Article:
As Sachs-Hombach (2001) (following the French Philosopher Merleau-Ponty) put it, visual images are “perceptional signs”, they dwell in an ontological interspace. That means, visual images do not simply reproduce and frame an external world of objects. Nor should they be understood as pure subjective constructions, or rather, as genuine products of the mind. They are rather “in betweens” since they have both a representational reproductive and a presentational productive character. On the one hand, according to Watzlawick, visual images provide an “analogous” form of communication (see Watzlawick et al. 1971, 61ff.). ‘Analogous’ here means, that material images do not present their message by contingent naming (that follows a linear grammar), but by similarity relations. On the other hand, as phenomenologists such as Waldenfels point out, this similarity is neither barely representative nor “innocent”. Speaking from a critical realistic stance, visualization is not as contingent as naming, yet analogous images (especially computer generated images) are always culturally informed. Additionally, visual images are intertwined with the performative act of perceiving. And this act of perceiving, in turn, is discursively informed as well. There is no such thing like the innocent eye. Perceiving in this perspective is the performance of codes that have been learned through social institutions.

The visual images hence can be seen as powerful agents in the re-production of concepts such as space, nature and the body on the one hand. On the other hand, visual images can be conceptualized as powerful agents in the discursive structuration of sensations of space, nature and the lived body (Leib), in Foucauldian terms: visual images bear “somatic power”. The value of a conceptual difference between the body (Körper) and the lived body (Leib) gets obvious in this regard. Though these concepts describe different analytical levels, some theorists claim convincingly, that the lived body is also discursively formed, in Foucault’s terms, that it is an object of genealogy. Hence the idea of first-order experience must be questioned, or rather reflected and historized: what is the cultural origin of absolute feelings we have? And why do we take them naturally for granted?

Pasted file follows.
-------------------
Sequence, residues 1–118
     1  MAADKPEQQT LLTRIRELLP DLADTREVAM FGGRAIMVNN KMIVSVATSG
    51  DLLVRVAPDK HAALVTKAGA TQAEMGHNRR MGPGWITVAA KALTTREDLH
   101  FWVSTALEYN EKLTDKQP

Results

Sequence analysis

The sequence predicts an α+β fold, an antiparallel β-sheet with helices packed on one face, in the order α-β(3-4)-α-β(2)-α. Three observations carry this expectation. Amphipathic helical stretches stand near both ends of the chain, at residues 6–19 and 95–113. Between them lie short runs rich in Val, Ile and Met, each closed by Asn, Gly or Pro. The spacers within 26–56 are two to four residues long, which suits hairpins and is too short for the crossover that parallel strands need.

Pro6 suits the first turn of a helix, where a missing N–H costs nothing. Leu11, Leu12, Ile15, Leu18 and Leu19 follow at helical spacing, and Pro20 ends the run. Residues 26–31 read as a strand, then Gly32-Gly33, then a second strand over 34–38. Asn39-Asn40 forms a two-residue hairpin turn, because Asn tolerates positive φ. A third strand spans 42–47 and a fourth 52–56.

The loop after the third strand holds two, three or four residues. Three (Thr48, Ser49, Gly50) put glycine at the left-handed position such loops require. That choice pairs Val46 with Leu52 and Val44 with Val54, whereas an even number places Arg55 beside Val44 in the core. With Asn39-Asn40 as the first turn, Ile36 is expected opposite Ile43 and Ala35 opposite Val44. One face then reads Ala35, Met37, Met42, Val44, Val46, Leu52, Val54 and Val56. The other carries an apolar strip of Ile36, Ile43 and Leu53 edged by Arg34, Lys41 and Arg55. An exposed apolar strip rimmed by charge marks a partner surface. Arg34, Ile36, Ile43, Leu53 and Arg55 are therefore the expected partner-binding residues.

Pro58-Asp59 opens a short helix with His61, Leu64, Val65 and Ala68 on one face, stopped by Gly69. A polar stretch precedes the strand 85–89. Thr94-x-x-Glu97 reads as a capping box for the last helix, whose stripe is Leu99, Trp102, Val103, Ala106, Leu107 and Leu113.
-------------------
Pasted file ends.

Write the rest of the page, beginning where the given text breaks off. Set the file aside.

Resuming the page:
One approach in this direction is to understand that images bear truth claims about the objects they visualize. They bear a mimetic implicitness, a character of evidence, and they imply illocutionary acts such as “the presented object looks like the object represented!” or “the presented place (there) looks like this!”). According to speech-act theory these can be understood as “visual assertive statements”. Associated sensations thus easily lose their subjective character and appear to be mere responses to inherent features of visualized environments. The romantic gaze (Urry 1990), for instance, is not experienced as contingent and culturally informed gaze. Instead, the landscape gazed at is experienced as if it was romantic by nature. Hence, images – and seeing or gazing respectively - are powerful agents in the process of naturalizing affective relations to objects or the environment

In sociological theory of embodiment or “incorporation”, this naturalizing effect is seen as an important stance of validating organizational and complexity reducing structures of the social (Jäger 2004), for example the understanding of the world in terms of binaries such as nature and culture.


From the outlined theoretical/methodical perspective I have traced the continuous performance of the nature/culture dualism (as a social construction) and the respective incorporation of the body in the ads of the outdoor industry.

This dualism is clearly manifest in the propositions of many visual images and their captions. The outdoors as a natural space is typically depicted as the non-human, the non-technical or non-artificial. The images provide the idea of a pure and exclusive nature and they evoke - via kinaesthetic effects - purified nature feelings. Furthermore, these images rely on topoi such as escaping from artificial surroundings and “going nature”. The outdoors thus appears as a late-modern arcadia where members of an urbanised and technology-based society can regain freedom and self-affirmation.

Surely, this construction of a quiet zone where you can recover from an over-directed working life obscures the fact that it is precisely the satisfaction of this need which reproduces the functionality for this working life.
Likewise, the idea of regaining freedom obscures the fact that the proposed dress code for the outdoors can also be seen as a disciplinary action of the outdoor industry. The outdoor body as constructed by the images is not only fit and well trained but uniformly dressed in hi-end functional wear.